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Wednesday: Clearing the Temple — 16 Comments

  1. The cleansing of the temple seems at odds with the character of Jesus portrayed in the rest of the Gospels but it needs to be understood in the context of what was happening in the Temple environment. The sacrificial animals were supposed to be without blemish, so businesses had sprung up to examine lambs and doves brought in for sacrifice to ensure that were perfect. Of course the worshipper had to pay for this and often the animal was declared imperfect and was encouraged to buy a certified perfect replacement animal. Further you could not use any foreign money so you had to exchange Roman denarii and the like into Jewish shekels. All this business was done in the outer courts of the temple and not content with simply providing a service, they were ripping off the worshippers. There was no consumer watch organisation to ensure that people got value for money. And of course, as always, the people who could least afford it were ripped off the most. Worship had become a business and in the process, had been reduced to a commodity to be sold to the consumer at market rates.

    Clearly Jesus took aim at a "worship" structure that had lost sight of what the true meaning of worship was all about. And we have to ask ourselves whether we are in danger of thinking of the modern church as a commercial enterprise rather than a community of believers. Can that be an issue for us?

    Religion that God our Father accepts as pure and faultless is this: to look after orphans and widows in their distress and to keep oneself from being polluted by the world.James 1:27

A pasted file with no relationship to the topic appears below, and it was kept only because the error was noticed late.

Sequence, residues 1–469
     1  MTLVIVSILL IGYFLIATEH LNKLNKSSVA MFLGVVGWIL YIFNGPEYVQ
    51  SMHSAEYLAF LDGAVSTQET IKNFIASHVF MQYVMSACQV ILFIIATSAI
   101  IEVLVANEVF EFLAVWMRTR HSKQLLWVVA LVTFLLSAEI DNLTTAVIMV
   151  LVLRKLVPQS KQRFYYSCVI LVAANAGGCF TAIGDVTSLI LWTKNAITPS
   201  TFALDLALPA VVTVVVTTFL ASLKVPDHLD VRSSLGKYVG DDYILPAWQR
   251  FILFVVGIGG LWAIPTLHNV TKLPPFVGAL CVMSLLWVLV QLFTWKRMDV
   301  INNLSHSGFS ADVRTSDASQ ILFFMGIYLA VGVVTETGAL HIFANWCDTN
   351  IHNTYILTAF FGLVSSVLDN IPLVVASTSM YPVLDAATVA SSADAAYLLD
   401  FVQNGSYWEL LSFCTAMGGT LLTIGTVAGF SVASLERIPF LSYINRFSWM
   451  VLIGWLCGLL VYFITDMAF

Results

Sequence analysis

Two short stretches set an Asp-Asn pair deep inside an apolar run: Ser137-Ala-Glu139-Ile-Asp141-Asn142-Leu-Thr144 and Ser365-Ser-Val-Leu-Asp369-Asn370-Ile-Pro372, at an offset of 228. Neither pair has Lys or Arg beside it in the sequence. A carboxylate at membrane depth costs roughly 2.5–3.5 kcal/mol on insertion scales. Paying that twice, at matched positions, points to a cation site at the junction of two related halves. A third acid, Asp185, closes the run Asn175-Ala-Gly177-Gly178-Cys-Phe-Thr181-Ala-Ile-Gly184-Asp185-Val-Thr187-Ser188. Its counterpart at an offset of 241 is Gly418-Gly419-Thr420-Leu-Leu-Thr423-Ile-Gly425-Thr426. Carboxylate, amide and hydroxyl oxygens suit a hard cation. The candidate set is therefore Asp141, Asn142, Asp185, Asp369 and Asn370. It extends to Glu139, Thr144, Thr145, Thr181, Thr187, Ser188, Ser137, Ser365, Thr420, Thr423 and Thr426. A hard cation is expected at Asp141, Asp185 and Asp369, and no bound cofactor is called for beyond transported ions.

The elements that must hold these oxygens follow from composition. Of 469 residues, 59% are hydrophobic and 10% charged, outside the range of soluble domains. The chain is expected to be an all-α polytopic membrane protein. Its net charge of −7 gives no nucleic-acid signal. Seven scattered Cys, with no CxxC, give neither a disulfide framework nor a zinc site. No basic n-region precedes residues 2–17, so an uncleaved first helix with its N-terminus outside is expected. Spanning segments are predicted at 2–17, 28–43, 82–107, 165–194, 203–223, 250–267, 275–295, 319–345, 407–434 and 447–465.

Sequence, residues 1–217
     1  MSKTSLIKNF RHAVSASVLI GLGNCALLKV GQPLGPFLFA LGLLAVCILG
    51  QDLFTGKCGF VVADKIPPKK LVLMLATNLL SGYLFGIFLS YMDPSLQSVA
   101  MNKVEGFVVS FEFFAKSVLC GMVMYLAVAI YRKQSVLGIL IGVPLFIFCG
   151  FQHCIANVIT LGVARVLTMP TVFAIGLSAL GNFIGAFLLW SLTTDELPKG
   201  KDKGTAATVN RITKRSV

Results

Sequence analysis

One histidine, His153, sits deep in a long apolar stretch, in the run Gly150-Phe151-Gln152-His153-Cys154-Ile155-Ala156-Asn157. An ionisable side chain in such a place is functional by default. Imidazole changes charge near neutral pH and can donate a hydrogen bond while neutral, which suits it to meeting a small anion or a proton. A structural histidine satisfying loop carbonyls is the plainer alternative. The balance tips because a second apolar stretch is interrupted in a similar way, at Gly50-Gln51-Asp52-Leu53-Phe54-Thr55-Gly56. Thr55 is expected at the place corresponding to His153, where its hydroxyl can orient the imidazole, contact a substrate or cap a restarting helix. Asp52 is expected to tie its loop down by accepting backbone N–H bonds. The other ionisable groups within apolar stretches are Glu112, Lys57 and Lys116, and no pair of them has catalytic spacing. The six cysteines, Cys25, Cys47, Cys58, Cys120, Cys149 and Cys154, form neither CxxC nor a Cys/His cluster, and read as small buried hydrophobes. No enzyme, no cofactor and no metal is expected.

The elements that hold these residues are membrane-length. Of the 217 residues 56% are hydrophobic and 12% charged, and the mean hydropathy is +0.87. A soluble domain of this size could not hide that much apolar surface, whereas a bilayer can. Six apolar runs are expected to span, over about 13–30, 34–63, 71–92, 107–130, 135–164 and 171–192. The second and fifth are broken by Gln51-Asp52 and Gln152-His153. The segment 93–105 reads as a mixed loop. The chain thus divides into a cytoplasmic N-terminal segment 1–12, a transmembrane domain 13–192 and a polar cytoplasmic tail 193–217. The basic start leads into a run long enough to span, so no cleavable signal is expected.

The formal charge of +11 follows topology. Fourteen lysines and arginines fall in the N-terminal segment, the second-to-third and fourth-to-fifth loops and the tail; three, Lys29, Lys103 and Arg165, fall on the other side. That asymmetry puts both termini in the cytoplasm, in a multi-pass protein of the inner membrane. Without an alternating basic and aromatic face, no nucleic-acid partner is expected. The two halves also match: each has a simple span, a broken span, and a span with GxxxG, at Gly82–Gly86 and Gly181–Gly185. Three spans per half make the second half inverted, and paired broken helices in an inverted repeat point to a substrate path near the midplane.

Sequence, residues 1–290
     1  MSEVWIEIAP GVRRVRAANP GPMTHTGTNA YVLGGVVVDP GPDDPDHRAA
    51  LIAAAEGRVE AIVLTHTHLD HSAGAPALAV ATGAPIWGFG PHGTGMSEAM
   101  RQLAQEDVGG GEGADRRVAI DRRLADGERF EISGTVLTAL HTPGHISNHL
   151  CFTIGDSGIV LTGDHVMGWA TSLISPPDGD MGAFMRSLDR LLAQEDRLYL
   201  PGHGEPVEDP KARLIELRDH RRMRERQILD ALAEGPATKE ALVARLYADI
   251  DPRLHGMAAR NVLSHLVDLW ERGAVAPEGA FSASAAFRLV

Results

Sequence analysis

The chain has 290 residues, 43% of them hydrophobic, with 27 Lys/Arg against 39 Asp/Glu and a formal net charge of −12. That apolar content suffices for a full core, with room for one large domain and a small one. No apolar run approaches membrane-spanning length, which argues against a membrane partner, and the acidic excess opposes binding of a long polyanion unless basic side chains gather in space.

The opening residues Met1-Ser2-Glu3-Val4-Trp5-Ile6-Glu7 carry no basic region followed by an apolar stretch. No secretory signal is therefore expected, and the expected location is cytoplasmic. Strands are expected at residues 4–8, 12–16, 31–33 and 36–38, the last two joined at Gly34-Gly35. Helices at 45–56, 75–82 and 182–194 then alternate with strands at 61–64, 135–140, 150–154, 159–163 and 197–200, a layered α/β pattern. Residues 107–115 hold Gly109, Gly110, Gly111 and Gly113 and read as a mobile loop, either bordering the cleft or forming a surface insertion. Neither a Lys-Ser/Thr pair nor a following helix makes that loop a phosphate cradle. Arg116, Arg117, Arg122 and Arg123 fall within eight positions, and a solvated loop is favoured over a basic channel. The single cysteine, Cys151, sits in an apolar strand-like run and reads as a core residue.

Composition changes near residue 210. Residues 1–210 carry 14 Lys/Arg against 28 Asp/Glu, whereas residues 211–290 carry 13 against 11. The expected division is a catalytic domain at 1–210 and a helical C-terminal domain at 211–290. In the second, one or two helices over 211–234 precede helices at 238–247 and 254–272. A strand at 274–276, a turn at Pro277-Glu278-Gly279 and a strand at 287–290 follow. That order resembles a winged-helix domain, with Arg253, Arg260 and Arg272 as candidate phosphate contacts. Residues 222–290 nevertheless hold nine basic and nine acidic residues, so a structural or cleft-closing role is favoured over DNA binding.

Amen!(38)
  2. Hi Maurice,

    James 1:27 is one of my favorite verses. I agree with you that true religion is what James says.
    Thank you!

    Amen!(12)
  3. I recently learned that there are 2 temple clearings reported in the Gospels. The one recorded in John was at the start of Jesus ministry, following the wedding of Cana. The other recorded by Matthew, Mark and Luke was at the conclusion of Jesus ministry - His last passover on His way to the cross.

    I suspect these are not the only details that have been overlooked in the most common understanding of these two events.

    Amongst bible commentators, there are 2 views of what was going on here. The most predominant is that Jesus was displaying "righteous indignation" whereby "forceful"/"violent" actions (commentator's words, not mine) are justified - even by God. If God is self-renouncing, and this view is correct, it will lead to a certain portrayal of how God manifests His self-renouncing nature under certain circumstances. And it can then impact how we might manifest self-renouncing love in response to situations- such as the one posed in the question at the end of today's lesson.